Become a Business Hero for Your Retailer and Produce Department
The produce department is one of the most important departments of any grocer and accounts for over 10% of total sales in perishables, second only in sales to the meat department. A bright and inviting produce department sets the tone for the shopper’s experience since it is typically the first department a customer encounters when they walk through the door.
As a retail dietitian, you can help boost sales in your produce department while helping customers increase their consumption of fresh fruits and vegetables – a true win-win for all!
Promoting Produce with a Plan
The nutrition education opportunity for produce is, well, pretty obvious. To become the business hero, you need to think like a marketer. Work with the produce manager or buyer to enhance his/her current promotion schedule by creating your own produce marketing plan. Here’s how:
- Focus on what’s hot, what’s trending, or what shows the most growth opportunity. Keep your pulse on what’s new and exciting in produce by reading food magazines, and checking produce trade journals, such as Produce Business, Produce News or The Packer. Next, find out what resources might be available for those items. For example:
- Contact the commodity board associated with the fruit or vegetable. These boards have a wealth of resources for dietitians and may also have extensive resources for retailers. You’re likely familiar with the commodity board’s nutrition and health research information, but dig deeper and find their retail tools. The National Mango Board has an entire section of their website dedicated to retail. Lists of commodity organizations can be found here and here.
- Find the news hook. Look for natural news hooks to promote these produce items. One of the easiest places to start is to see if there is a national food month that focuses on that particular fruit or vegetable, or a month commemorating all fresh fruits and vegetables. For example, June is both National Mango Month as well as National Fresh Fruit and Vegetable Month and September is Fruits & Veggies Month. Another option is to identify seasonal activities and find the produce link. For example, during a summertime month, focus on grilling and highlight fruits and vegetables that are great on the grill.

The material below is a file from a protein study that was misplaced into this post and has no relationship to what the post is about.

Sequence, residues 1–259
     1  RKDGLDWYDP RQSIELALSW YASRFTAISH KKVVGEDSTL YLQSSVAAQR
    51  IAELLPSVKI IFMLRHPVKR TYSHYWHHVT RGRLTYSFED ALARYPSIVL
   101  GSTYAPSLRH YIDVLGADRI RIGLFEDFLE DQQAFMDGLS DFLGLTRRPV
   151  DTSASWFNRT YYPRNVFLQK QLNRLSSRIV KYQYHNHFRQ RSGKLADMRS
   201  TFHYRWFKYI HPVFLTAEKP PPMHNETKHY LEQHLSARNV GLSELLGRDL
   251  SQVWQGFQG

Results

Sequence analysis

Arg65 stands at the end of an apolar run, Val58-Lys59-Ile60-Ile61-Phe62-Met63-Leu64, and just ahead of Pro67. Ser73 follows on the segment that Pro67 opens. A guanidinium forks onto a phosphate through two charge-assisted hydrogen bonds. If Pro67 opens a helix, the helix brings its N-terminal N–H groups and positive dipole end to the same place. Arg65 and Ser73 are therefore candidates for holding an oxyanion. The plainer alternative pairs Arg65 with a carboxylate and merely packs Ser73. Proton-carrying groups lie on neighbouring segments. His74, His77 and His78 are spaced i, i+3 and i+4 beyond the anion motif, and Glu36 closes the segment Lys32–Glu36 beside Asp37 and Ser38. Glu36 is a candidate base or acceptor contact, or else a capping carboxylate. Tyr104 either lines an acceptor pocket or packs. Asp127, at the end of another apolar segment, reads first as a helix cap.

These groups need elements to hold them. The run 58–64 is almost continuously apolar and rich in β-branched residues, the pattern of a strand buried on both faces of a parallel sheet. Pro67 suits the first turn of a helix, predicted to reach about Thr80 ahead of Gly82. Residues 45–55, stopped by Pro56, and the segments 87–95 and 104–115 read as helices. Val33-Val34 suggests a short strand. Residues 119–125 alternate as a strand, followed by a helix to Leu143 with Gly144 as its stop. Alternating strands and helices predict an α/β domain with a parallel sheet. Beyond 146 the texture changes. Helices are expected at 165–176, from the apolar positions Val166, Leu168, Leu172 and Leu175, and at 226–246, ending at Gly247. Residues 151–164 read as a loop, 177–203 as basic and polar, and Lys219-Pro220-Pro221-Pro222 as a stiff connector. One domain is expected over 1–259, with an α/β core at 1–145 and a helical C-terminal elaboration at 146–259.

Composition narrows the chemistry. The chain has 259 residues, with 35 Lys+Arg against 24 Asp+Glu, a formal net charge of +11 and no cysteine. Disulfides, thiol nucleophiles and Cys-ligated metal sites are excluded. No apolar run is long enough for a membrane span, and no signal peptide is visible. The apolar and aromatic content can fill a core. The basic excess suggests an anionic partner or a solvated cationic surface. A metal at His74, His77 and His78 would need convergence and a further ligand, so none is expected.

- Plan in- and out-of-store activities. Create events or activities around the commemorative month or seasonal activity, from a feature display to sampling; recipe cards or in-store cooking demos; articles on your website or blog; and media outreach. Consider out of the box activities, such as face painting, live music, or “meet the farmer” events to generate broad interest and draw traffic from other parts of the store. Create or source beautiful and educational point of sale (POS) materials (such as these from the National Mango Board) to drive home key points with shoppers.
- Get the word out. Once you have your produce marketing plan in place, it’s important to promote your activities with employees and customers. Ask if you can take five minutes at the store’s manager meeting to let employees know what upcoming activities you have planned. Feature a nutrition message about a produce item or promote your event at the bottom of store receipts. Pitch the local media to have you or the store chef do a segment on in-season produce. Include messages in in-store overhead announcements or radio broadcasts.
- Document your efforts. Don’t forget to document your promotion success, and package it for the produce manager and leadership. Take pictures, track sales before and after the event, recognize produce team members, capture social and traditional media impressions.
One caveat: Once you show the success your efforts have had in the produce department, you are sure to be in demand with the other store department managers!